Like the first printings of the 5d, 7.5d, and 10d, these three printings show only minimal plate wear, with slight merging of the first three lines at the very top of the hair on two of the three. The very first printing does not show the merging of these lines, and it is my belief that this printing comes from the period between December 1890 and the end of 1893.

First Printing



On this printing, which I believe is at least the first of the ones I have identified, the head plate colour is closest to dull mauve on the Stanley Gibbons colour key, while the duty plate colour is closest to lake-brown. The head plate colour is just a touch deeper than the dull mauve, but it is very close to an an exact match. 


Second Printing


The head plate colour on this printing is closest to the reddish lilac swatch on the Gibbons colour key, being almost an exact match, in fact. The duty plate colour is closest to lake brown also, but there is just the smallest hint of a bit more red in this colour compared to the first printing. The cancellation is a German ship cancellation that appears to be from 1900 - a good ten years after this stamp was issued. So either this is a plate 2 printing, or it is a late use of an early plate 1 printing. It is quite possible, given the large number of late usages of these stamps for this to be an example. This one shows an interesting variety - a burr on the "C" of "Pence". It is the only stamp out of the 121 examples here to show this variety, so I am not sure if it is constant or not.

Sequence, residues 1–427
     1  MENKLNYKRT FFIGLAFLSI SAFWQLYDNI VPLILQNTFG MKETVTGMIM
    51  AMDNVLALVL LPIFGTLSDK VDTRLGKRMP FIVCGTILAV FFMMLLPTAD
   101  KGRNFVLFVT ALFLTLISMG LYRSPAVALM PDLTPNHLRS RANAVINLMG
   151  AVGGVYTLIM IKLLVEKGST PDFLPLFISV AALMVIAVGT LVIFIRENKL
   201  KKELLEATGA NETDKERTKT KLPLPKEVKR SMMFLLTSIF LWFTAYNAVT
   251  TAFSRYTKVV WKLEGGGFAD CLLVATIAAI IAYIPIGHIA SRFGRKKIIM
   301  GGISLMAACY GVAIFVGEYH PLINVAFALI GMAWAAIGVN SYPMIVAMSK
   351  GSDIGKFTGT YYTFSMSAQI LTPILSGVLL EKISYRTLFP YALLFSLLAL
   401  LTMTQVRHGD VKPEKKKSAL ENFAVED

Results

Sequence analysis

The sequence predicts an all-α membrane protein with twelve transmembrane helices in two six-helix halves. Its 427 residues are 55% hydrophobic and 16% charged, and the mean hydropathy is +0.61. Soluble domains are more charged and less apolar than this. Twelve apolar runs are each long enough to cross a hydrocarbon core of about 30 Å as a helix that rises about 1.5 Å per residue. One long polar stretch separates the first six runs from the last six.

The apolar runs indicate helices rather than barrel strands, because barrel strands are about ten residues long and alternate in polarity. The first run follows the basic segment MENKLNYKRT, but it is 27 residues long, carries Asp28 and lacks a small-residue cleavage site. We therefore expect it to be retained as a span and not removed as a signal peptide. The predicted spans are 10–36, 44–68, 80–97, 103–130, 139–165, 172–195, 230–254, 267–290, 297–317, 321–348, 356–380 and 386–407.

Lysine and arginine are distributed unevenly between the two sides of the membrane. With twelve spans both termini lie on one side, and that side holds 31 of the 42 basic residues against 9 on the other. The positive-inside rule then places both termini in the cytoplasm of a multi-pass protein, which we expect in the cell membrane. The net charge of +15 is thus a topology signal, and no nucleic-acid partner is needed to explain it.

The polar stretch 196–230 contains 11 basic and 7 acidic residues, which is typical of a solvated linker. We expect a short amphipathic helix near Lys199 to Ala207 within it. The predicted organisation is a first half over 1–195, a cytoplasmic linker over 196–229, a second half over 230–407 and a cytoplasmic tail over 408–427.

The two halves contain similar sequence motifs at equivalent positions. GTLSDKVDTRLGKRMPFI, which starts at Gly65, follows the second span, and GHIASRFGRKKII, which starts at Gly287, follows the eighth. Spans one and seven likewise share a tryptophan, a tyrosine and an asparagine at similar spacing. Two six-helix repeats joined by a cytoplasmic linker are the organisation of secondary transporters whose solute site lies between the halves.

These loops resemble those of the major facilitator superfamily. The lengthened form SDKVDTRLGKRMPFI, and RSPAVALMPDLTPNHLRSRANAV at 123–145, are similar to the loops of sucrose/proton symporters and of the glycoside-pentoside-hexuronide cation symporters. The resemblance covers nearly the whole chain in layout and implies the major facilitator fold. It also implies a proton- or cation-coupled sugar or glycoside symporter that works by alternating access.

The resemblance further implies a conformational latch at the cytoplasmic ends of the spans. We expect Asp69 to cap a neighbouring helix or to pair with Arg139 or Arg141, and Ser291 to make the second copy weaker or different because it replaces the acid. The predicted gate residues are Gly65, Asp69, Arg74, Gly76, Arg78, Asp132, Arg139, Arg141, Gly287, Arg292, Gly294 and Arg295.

Third Printing


The head plate colour on this printing is completely different again, being almost an exact match to Gibbons' dull purple. The duty plate colour is closest to chestnut.

Group 2 - Printings 4-11

In this group of printings, they are similar to the first, but there is a slight loss of sharpness, with the most noticeable being the first shading lines near the jewels of the crown.

Fourth Printing


The head plate colour on this printing is also closest to dull purple, but is just a touch paler and redder than the colour of the third printing. The duty plate colour is closest to orange-brown on the Gibbons colour key. The used example again has a German ship cancellation and the date is either 1897 or 1907, which would be another example of a late usage in either case.